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Nearly two and a half years after becoming President, Barack Obama finally got around to signing an executive order to establish the “Campaign to Cut Government Waste“, which promised to impose new oversight and accountability aimed at reducing waste, fraud and abuse throughout the executive branch of the U.S. government, with a specific goal of reducing the number of web sites operated by U.S. government agencies in half.
If you’re familiar with any of the horror stories of waste, fraud and abuse that came to characterize entire government departments like the Environmental Protection Agency (EPA), the Department of Veterans Affairs (VA), then you appreciate how little reduction was actually achieved.
That lack of success was really a problem of misplaced priorities, which becomes clear when you compare what the Obama administration achieved with what the Trump administration is taking on less than six months into the new president’s term in office. Niv Elis of The Hill reports:
The White House budget office on Thursday kicked off the administration’s “war on waste,” eliminating reports and requirements in an effort to set an example for other government agencies.
“Government may do a decent job of looking forward, but we do a lousy job of cleaning out the closet,” Office of Management and Budget Director Mick Mulvaney said.
Over time, Mulvaney said, government agencies build up an unruly list of reporting requirements and regulations that are seldom addressed.
His office went through 253 guidance and policy documents and decided to pull 59 of them, including an ongoing reporting requirement on the Y2K bug and a report on a completed Bush-era e-government program.
“Some are duplicative, some or obsolete, some are just finding a different methodology,” said Linda Springer, a senior adviser to Mulvaney. The housecleaning exercise, which the administration is asking every office and agency to carry out, is “phase 1” of a plan to increase government efficiency.
The OMB’s ongoing reporting requirements for the Y2K bug problem, which hasn’t existed as a meaningful concern in the real world since the early years of the preceding presidential administration of George W. Bush, is emblematic of the lack of serious focus on eliminating wasteful bookkeeping requirements within the federal government’s bureaucracy. NextGov‘s Mohana Ravindranath indicates how such outdated requirements contribute to bureaucratic regulatory clutter for years after they’ve ceased to be relevant.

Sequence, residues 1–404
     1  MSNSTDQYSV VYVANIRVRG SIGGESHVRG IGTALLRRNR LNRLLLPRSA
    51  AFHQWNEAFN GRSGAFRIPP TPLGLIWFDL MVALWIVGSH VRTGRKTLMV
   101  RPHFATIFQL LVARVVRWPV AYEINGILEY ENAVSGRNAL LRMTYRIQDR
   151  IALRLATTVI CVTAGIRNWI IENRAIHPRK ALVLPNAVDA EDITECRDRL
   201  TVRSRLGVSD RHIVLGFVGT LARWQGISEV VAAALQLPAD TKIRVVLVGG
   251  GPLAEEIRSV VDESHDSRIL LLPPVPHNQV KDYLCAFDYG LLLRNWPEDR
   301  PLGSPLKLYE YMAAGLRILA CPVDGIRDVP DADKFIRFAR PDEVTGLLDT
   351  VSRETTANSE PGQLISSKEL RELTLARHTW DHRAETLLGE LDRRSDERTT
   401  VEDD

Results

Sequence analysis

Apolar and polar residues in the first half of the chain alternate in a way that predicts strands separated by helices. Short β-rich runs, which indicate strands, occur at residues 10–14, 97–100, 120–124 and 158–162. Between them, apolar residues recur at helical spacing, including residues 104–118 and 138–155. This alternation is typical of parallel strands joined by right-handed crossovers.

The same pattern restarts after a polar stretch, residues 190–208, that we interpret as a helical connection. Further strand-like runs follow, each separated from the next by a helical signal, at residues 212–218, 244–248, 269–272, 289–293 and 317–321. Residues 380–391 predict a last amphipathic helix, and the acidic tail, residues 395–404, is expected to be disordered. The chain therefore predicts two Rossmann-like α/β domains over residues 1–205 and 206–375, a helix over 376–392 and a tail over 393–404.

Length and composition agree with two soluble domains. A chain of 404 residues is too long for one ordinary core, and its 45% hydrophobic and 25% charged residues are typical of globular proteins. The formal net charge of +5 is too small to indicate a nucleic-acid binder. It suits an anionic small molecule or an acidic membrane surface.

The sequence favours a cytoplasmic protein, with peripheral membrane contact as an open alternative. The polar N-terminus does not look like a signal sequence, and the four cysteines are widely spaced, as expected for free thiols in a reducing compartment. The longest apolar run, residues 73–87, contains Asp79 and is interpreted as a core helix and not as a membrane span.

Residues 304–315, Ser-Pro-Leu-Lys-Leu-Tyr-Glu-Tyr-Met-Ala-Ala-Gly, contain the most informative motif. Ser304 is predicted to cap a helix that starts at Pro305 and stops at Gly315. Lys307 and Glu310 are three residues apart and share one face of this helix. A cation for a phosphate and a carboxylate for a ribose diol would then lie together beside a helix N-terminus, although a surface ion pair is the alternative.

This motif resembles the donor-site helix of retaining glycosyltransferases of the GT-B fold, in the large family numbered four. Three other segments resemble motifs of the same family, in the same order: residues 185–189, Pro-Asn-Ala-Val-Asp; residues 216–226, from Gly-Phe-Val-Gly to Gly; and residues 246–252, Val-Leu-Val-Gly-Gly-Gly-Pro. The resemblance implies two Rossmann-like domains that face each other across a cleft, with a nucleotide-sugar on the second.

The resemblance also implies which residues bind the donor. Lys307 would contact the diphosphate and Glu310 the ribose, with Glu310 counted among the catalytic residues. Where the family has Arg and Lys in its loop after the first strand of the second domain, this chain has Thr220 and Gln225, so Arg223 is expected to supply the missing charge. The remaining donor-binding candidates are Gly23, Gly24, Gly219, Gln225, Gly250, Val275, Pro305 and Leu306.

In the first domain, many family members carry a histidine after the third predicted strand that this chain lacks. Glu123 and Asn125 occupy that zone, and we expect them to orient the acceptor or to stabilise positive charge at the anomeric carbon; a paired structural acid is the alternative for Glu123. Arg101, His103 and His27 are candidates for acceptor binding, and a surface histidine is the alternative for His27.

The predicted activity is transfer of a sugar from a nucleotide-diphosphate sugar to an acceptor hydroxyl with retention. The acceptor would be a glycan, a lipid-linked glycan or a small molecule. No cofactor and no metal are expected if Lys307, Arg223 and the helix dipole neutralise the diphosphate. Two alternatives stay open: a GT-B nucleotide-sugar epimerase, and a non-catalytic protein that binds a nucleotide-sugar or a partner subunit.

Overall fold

The repealed IT guidance doesn’t seem all that impactful, Robert Shea, former associate director for administration and government performance at OMB and now a public sector principal at Grant Thornton, told Nextgov.
Because agencies likely weren’t actually paying attention to—and therefore weren’t burdened by—compliance requirements of decades-old policy, the rescinded IT memos appeared to be the result of “bookkeeping,” he said.
Perhaps the Y2K reporting requirement wouldn’t have persisted for quite so long if the bureaucrats responsible for both paying attention to and complying with such policy requirements were more diligent about their responsibilities. Either way, it doesn’t speak well of either the federal government’s bureaucratic culture or the oversight established by the Obama administration’s campaign to cut government waste that the task of eliminating this particular example of waste was left to the next White House admininstration.
Phase 1 of the OMB’s new initiative to reorganize the federal government to minimize waste will end on June 30, 2017, when all federal agencies will report back to the OMB on what bureaucratic requirements they’ve determined do not make for the efficient or effective use of taxpayer resources within their organizations. The completion of Phase 2 will follow three months later, when they submit their proposed agency budgets to the OMB and have to commit to following through on the waste reduction they identified in Phase 1.
It’s a very different way of doing business in Washington D.C.